by Adam Ortman, SVP Growth & Innovation, Generator Media + Analytics


The California Privacy Rights Act (CPRA) is a new privacy law that went into effect on January 1, 2023, that affects businesses that collect and process the personal information of California residents. While the law is aimed at protecting the privacy of individuals, it also has significant implications for marketing, particularly for businesses that rely on data-driven marketing strategies. Here are some of the key ways that the CPRA affects marketing and how brands can navigate the new rules.


1. Limited data collection and use: The CPRA expands the definition of personal information and places new limitations on how businesses can collect and use it. Businesses will need to be more transparent about the types of data they collect, and they will need to obtain explicit consent from California residents before collecting certain sensitive information, such as precise location data or biometric data. This can make it more difficult for businesses to build detailed customer profiles, which is often a key element of data-driven marketing.


2. Opt-out rights for consumers: One of the key provisions of the CPRA is the right for California residents to opt-out of the sale of their personal information. Businesses will be required to provide a clear and conspicuous link on their websites that says “Do Not Sell My Personal Information” and must make it easy for consumers to exercise this right. This means that brands will need to be more careful about the data they collect and how they use it in order to avoid losing the ability to sell data to third parties.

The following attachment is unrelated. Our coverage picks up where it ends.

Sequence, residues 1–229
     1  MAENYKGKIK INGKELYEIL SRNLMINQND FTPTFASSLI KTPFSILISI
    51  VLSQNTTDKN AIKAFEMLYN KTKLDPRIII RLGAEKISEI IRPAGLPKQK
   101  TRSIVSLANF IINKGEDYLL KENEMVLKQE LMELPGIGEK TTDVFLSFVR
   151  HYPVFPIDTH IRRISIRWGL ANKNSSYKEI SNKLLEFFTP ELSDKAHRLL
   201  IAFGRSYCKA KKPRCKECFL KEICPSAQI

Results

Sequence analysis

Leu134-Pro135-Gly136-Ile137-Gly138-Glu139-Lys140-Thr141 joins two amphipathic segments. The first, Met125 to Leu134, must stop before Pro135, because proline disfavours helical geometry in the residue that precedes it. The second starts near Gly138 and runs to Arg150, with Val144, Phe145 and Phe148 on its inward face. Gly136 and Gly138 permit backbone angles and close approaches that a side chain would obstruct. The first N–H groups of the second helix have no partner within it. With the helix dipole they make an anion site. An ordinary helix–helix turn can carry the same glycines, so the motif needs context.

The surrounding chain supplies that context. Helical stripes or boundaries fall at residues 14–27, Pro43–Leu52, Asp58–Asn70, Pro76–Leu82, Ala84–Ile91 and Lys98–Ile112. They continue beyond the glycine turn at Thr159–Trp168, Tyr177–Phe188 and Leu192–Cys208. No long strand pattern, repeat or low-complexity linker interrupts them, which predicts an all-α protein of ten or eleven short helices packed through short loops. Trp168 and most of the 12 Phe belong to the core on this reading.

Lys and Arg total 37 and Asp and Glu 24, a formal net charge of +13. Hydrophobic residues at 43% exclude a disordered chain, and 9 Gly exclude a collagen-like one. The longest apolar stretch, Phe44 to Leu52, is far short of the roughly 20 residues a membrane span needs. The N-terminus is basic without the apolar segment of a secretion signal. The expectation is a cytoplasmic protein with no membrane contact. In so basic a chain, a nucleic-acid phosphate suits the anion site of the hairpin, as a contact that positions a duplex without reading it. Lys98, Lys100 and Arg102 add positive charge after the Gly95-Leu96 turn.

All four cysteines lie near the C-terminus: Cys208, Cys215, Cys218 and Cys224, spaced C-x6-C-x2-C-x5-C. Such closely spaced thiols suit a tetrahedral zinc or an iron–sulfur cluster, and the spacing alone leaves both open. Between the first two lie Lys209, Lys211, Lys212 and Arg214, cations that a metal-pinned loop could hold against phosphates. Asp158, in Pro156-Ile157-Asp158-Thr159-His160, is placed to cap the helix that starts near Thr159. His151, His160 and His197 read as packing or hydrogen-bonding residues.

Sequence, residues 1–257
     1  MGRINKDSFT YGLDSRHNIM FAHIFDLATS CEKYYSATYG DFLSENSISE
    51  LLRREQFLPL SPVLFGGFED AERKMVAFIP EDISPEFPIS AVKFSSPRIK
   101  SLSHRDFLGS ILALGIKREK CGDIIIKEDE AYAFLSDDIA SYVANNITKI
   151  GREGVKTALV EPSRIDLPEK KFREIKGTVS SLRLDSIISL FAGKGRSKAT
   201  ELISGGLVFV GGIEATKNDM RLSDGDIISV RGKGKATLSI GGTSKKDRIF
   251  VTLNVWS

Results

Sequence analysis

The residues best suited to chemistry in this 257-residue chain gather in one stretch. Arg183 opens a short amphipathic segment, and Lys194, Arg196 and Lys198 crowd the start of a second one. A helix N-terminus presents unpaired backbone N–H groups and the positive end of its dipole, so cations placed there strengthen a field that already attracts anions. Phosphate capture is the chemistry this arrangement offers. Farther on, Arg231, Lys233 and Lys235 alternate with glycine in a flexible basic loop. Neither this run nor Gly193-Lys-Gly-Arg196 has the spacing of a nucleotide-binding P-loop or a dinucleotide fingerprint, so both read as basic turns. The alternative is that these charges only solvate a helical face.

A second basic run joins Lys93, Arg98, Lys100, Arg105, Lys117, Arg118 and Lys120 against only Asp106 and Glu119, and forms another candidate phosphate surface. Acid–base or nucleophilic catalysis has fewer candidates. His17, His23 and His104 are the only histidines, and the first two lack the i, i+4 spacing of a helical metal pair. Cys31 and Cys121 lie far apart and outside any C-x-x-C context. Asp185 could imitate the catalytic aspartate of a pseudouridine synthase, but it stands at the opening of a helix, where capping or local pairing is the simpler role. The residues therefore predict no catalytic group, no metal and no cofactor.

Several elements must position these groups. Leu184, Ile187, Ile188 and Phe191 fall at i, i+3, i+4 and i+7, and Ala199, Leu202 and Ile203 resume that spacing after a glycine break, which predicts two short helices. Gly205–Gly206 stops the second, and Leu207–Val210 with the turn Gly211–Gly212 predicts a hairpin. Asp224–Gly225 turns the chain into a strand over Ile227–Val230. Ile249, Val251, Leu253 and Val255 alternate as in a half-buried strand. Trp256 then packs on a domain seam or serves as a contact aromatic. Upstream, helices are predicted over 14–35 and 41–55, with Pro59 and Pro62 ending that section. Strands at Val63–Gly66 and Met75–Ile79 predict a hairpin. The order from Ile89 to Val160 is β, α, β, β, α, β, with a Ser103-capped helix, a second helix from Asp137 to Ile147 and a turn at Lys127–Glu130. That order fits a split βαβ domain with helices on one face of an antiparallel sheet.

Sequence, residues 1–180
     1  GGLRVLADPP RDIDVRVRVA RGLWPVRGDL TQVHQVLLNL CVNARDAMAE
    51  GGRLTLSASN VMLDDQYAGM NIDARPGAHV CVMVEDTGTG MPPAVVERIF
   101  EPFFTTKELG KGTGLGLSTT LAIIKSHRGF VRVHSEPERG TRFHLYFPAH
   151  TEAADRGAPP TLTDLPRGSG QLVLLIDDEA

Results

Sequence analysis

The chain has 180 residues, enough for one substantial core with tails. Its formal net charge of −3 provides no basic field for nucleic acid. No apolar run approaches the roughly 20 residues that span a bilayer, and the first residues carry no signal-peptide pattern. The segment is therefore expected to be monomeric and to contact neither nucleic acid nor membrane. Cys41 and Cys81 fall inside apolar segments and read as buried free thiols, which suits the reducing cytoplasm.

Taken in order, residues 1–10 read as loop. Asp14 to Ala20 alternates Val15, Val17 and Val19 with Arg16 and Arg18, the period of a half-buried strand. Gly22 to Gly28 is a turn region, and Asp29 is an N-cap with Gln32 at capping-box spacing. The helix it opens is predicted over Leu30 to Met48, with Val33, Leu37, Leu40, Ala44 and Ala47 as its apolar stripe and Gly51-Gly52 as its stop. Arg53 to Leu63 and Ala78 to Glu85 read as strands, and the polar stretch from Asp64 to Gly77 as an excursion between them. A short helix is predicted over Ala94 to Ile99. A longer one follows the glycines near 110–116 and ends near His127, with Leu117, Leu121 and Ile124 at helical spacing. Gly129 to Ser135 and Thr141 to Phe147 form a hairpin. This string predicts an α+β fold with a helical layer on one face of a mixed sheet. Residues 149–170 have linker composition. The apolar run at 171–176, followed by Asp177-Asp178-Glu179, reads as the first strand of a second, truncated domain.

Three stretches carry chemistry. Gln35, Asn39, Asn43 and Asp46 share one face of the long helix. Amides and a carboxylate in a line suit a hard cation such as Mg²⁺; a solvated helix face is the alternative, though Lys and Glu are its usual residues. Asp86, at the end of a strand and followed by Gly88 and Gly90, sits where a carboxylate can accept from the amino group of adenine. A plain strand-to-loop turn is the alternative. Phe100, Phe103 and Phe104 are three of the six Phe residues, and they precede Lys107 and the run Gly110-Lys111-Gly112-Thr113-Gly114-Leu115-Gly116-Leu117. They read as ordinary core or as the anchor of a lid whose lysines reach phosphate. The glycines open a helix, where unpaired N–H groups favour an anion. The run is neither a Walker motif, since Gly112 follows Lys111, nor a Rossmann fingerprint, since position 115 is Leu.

3. Compliance obligation and penalties: Businesses must take active steps to update policies and processes to comply with the new rights and expanded definition of personal information. Businesses found in non-compliance with CPRA can face civil penalties, including fines of up to $7500 per violation and penalties of up to $7,500 per consumer per incident of noncompliance. This can be very costly for businesses that have been found in violation of the law.


4. Impact on targeted advertising: The CPRA’s provisions on data collection and consumer opt-out rights will likely have a major impact on targeted advertising. Businesses will need to be more careful about the data they collect, and they will need to obtain explicit consent from California residents before using that data for targeted advertising. Brands may need to look for other ways to reach their target audiences, such as through contextual or interest-based advertising that does not rely on personal information.


The CPRA is a significant new law that will impact how businesses operate in California, and it poses some significant challenges for brands that rely on data-driven marketing strategies. However, with careful planning and a commitment to compliance, businesses can continue to reach and engage with their target audiences while protecting the privacy of California residents.